Literary Translation at Columbia (LTAC), a component of the Columbia University MFA Writing Program, offers all Writing students the opportunity to pursue coursework in literary translation as part of their studies. LTAC is not a formal translator-training program; rather, it was created out of the belief that an encounter with literary translation is beneficial to a writer’s development and imagination, while conversely the skills involved in writing well are also essential for translation. LTAC offers workshops, seminars and master classes in literary translation each semester that are open to all students enrolled in the Writing Program, as well as to students in other graduate programs on campus when space allows.
The director of LTAC is Susan Bernofsky, with Katrine Øgaard Jensen serving as acting director in the academic year 2019-2020. Recent faculty include Edith Grossman, Natasha Wimmer, Mónica de la Torre, David Hinton, Peg Boyers, Rowan Ricardo Phillips, Jennifer Hayashida, Madhu Kaza, Matvei Yankelevich, Katrina Dodson, Michael F. Moore, Karen Van Dyck, Xiaolu Guo, and John Keene.
All Writing Program students are invited to enroll in individual LTAC courses, and students interested in advanced translation work are encouraged to pursue a joint course of study in Writing and Literary Translation.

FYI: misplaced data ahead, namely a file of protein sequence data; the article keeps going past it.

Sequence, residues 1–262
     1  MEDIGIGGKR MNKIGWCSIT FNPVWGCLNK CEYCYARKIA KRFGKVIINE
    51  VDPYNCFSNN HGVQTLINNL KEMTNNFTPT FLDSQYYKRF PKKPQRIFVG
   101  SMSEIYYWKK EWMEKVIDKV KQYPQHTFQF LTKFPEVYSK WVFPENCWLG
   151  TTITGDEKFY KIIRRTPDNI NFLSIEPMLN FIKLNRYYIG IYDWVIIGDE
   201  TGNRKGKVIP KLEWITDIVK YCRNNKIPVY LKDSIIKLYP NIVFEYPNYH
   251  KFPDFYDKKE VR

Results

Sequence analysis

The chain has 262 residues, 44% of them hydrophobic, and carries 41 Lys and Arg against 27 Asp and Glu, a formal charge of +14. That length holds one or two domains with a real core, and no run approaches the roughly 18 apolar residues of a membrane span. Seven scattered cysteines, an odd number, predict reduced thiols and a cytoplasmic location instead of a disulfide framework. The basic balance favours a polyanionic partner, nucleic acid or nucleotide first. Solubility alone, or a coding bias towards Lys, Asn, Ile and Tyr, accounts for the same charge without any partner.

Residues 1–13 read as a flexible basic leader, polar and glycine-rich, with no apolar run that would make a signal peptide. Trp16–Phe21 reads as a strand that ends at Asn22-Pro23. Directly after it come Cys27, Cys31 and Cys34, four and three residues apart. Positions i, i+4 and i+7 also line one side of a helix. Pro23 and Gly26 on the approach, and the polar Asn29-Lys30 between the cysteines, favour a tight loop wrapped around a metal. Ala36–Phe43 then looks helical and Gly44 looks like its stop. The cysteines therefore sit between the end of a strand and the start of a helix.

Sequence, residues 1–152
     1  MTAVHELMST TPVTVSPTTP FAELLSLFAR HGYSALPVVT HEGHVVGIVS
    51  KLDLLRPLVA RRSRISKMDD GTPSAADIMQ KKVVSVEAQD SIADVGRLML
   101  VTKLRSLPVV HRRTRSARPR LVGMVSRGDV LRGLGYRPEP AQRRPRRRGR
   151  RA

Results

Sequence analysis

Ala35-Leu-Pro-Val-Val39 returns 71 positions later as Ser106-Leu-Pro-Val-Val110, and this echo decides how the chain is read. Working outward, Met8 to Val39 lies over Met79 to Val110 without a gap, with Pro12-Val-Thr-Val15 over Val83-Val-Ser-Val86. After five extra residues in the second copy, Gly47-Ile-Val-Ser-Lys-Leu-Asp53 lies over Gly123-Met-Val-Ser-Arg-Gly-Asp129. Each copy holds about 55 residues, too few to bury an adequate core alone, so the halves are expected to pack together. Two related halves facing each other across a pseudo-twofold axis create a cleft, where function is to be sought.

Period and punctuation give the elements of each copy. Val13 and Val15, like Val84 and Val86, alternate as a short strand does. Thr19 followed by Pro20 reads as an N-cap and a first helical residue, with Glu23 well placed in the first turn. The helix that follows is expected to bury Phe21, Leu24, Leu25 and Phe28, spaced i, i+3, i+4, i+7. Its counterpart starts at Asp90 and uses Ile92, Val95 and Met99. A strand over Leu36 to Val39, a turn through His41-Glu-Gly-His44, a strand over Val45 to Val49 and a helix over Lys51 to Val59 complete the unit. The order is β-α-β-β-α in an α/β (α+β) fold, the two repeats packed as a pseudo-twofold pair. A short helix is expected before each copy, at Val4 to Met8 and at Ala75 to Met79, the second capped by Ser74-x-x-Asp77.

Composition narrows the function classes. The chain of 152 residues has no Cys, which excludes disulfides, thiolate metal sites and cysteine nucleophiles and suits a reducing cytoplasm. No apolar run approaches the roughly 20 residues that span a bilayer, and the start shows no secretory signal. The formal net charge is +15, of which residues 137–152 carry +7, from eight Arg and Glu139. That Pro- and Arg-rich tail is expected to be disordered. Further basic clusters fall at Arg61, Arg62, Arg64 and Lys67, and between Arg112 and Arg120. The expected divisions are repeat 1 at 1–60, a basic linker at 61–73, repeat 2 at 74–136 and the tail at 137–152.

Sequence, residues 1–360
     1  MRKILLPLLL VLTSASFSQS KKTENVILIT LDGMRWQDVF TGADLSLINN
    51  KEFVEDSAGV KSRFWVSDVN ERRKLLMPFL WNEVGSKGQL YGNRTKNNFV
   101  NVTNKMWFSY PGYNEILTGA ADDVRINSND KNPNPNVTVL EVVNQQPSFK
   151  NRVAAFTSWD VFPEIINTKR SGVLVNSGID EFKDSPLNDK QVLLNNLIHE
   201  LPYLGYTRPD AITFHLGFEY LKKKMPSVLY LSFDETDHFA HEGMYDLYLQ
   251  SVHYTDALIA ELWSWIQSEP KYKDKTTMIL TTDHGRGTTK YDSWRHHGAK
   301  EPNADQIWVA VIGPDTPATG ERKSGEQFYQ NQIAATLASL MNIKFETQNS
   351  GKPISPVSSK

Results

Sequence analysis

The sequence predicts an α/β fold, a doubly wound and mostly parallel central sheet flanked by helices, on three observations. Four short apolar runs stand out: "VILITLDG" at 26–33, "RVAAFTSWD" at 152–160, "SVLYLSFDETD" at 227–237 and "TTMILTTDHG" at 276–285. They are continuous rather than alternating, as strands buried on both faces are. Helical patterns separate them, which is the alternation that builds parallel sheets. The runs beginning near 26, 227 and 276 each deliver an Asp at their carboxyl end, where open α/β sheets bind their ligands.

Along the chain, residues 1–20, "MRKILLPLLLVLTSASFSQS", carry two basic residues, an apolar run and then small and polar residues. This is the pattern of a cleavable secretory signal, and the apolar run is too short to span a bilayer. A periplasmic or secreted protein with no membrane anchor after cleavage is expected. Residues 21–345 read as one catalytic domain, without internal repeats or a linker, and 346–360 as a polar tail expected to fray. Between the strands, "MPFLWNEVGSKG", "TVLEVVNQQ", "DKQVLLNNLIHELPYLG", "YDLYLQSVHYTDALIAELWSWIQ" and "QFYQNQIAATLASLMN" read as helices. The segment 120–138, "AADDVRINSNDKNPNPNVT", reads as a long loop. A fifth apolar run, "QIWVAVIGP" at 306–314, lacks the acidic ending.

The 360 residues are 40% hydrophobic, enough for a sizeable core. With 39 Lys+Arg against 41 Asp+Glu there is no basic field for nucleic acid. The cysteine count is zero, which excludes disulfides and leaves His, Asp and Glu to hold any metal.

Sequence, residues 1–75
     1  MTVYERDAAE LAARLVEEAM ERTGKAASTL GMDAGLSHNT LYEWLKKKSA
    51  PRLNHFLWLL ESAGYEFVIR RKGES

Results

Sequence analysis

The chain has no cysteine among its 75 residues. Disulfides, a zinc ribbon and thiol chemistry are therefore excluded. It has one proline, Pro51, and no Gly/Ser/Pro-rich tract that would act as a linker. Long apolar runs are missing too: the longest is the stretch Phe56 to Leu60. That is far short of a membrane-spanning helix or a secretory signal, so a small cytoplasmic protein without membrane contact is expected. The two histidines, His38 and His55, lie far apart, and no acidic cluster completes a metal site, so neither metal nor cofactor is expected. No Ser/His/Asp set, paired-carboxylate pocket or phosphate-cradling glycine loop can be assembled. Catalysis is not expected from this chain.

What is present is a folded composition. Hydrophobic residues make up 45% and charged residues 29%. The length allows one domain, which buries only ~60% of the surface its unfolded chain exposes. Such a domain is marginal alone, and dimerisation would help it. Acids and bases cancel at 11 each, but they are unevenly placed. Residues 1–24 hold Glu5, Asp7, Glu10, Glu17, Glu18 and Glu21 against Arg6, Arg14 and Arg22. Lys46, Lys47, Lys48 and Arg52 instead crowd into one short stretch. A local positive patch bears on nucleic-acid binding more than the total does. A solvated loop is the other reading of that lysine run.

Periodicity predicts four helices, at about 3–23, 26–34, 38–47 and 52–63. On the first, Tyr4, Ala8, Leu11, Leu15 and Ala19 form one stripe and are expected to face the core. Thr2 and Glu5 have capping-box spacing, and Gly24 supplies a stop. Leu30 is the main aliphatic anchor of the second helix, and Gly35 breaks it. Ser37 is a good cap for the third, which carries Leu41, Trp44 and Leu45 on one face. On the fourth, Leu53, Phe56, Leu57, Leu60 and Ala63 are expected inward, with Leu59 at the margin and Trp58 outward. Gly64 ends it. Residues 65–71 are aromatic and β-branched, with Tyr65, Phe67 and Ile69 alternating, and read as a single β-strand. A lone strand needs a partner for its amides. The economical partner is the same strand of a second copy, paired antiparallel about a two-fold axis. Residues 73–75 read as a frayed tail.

Prospective students interested in the joint course of study should apply to the MFA Writing Program in Fiction, Nonfiction, or Poetry and express their interest in translation in the general application. Please note that LTAC is offered only as a secondary course of study in the Writing Program and cannot be a student's main area of study. Students accepted into the Writing Program in any genre are asked to contact the LTAC director to declare their intention to pursue the joint course of study by the end of their first semester.
The evolving LTAC curriculum includes translation workshops, seminars, and master classes that explore the art of literary translation and its connection to other forms of creative writing. Students are also able to enroll in foreign language classes on offer at Columbia. For students pursuing the joint course of study, this coursework culminates in the submission of a brief translation thesis together with the thesis in their primary concentration.